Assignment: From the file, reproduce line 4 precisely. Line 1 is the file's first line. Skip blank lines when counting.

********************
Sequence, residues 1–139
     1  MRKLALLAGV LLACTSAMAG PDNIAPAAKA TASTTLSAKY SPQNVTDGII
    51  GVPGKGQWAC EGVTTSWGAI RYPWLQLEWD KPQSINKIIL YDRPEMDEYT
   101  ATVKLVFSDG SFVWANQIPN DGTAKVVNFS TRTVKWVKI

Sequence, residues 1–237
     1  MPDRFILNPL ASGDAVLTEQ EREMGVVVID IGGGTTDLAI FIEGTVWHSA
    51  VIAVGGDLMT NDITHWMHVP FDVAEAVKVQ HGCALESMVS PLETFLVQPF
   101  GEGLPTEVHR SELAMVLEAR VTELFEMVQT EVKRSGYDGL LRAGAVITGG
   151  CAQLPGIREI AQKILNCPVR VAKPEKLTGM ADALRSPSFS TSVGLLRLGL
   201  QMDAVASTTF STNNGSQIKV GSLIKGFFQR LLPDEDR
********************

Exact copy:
   101  ATVKLVFSDG SFVWANQIPN DGTAKVVNFS TRTVKWVKI